When people find out that I’m a doula they make one huge assumption about me: I only support people who are planning natural births. Not only that, but that I might try to talk them into a natural birth if they have been considering using an epidural.

Nothing could be further than the truth.

Let’s face it: I am not having your baby. I don’t have to carry it for 9ish months. I don’t have to get poked and prodded by your OB or Midwife. I don’t once have to drop my pants and put that paper sheet over myself.  And I definitely don’t have to go into labour and give birth to your baby.

So why would I have an opinion on how YOU should have your baby?

I shouldn’t!  But it wasn’t always like that.

When I first trained as a doula, a decade ago, my training included a lot of content on the spirituality of giving birth. Every article shared by my trainers, their peers and the doulas who made up the international community of mentors I listened to for guidance, was about how epidurals were bad, how cesarean birth was dangerous, how doctors and nurses were manipulative, how midwives and home births were the only truly safe option for birth, how women were “built” to birth babies easily and safely and how the top achievement in birthing was the unmedicated spontaneous vaginal delivery.

The messages were coming at me at every turn and I did my best to reflect that culture of unmedicated, unmanaged birth as best as I could back at the world. 

I must have been unsufferable to be around when people were pregnant.  I might sit beside you at a family bbq and enthusiastically preached about how every woman could achieve a natural birth if she really wanted one, failing to really listen to the true desires and needs of my beleaguered audience.

I cringe to think that I probably subtly pushed my clients to delay or go without epidurals they truly wanted. I worry that my face – never good at staying neutral – gave away my bias as I unconsciously frowned when clients spoke about their doctor’s recommendations. I know for sure there were a few interviews I bombed because I unthinkingly portrayed the choosing of epidurals as thoughtless or even harmful to the baby.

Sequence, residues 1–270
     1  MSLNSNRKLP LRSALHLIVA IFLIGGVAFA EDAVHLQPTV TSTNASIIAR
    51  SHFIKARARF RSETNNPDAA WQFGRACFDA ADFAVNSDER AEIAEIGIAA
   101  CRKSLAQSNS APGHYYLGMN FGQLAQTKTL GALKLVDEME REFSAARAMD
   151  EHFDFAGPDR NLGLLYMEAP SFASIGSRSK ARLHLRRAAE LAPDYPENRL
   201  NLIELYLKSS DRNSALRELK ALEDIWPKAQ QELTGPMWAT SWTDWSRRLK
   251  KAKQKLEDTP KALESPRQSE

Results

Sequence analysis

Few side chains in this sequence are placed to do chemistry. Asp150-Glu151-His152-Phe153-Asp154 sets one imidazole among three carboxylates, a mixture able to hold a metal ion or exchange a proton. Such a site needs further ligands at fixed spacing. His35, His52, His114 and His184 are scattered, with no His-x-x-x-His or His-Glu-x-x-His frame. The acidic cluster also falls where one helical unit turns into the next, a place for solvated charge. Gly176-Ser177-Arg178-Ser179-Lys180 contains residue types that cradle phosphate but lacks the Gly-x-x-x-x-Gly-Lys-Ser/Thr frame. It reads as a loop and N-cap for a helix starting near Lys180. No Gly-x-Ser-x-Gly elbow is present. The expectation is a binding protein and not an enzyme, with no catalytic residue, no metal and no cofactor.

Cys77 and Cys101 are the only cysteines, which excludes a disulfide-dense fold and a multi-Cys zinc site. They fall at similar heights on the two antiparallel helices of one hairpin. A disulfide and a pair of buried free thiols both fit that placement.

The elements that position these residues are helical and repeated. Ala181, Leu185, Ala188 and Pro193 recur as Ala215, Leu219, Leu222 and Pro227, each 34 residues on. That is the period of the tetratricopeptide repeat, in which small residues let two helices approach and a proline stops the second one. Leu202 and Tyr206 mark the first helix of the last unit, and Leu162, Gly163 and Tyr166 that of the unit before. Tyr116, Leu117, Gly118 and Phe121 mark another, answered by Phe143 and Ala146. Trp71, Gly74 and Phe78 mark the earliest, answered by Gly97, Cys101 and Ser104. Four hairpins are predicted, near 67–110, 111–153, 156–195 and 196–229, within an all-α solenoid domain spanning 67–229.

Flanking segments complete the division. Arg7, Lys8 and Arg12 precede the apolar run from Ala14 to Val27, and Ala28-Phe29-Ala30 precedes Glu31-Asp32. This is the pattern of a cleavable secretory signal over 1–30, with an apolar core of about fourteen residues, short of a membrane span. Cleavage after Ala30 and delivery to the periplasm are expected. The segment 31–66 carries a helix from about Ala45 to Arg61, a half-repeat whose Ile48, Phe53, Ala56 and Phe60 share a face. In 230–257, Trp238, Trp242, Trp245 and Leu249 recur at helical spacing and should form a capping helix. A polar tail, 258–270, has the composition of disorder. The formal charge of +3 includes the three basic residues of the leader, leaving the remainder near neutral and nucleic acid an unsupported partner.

Well, I’m done with all that.

If there is one thing that being an experienced doula has taught me is that birth is beautiful when the parents think it’s beautiful. And, only they get to define what beautiful is.

I have learned that a healthy birth is a birth where both mother and baby are healthy in the end.  And, only they get to define what healthy is.

I know now that my helping a woman (attempt to) achieve a so-called natural birth can actually contribute to her unhappiness with her birth if she doesn’t, in fact, have that perfect vision of birth she dreamed of.

I have discovered that the people who are most satisfied with their births are the people who are supported by people with no agenda.

That’s what I do now. That’s what our doulas at Hamilton Family Doulas do for families in Hamilton, Halton, Niagara and Brant. We support our clients with no agenda. We don’t walk into our client’s homes or their birth spaces believing that one kind of birth is automatically better than another.

I still know that birth CAN be a deeply spiritual experience for the birthing person. I still know how to help people achieve beautiful unmedicated births. I love a home birth.

I love holding a birthing person as they transition and whisper my admiration and care into their ear when they doubt themselves.

But, I also love all other kinds of births. I still am floored by the power and dedication of the person who pushes their baby out after 12 hours with an epidural, feet in stirrups and an IV of oxytocin to help them along.  I still tear up when I see a parent holding their hour old child in the recovery ward after a surgical birth.

All birthing parents undergo a profound transformation that requires hard work and physical sacrifice.  I witness that and honour it.

I want you to make whatever choices you want to make in pregnancy and birth and parenting.  My enthusiasm for your journey won’t change.